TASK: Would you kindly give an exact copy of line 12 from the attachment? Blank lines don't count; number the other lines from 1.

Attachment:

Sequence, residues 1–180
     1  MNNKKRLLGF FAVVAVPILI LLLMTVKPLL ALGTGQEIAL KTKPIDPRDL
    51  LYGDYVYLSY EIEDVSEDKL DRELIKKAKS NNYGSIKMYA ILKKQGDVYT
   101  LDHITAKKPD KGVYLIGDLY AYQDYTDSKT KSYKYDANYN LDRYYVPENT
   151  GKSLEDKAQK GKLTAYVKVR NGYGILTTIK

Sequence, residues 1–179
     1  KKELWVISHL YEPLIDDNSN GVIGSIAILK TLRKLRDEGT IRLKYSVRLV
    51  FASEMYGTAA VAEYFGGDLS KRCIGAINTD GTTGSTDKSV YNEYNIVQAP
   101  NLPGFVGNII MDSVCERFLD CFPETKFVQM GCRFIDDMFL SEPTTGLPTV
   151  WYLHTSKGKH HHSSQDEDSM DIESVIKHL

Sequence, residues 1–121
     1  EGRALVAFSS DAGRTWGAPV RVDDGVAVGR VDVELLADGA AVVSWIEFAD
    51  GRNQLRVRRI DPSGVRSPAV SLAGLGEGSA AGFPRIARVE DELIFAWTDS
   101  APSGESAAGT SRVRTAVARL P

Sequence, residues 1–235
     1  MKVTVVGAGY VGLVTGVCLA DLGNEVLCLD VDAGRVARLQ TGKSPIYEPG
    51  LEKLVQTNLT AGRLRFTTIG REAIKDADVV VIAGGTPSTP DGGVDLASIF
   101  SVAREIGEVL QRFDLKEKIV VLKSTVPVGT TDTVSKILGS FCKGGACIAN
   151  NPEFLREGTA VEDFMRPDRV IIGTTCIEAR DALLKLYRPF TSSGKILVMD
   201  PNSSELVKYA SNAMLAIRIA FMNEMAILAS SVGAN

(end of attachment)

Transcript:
     1  EGRALVAFSS DAGRTWGAPV RVDDGVAVGR VDVELLADGA AVVSWIEFAD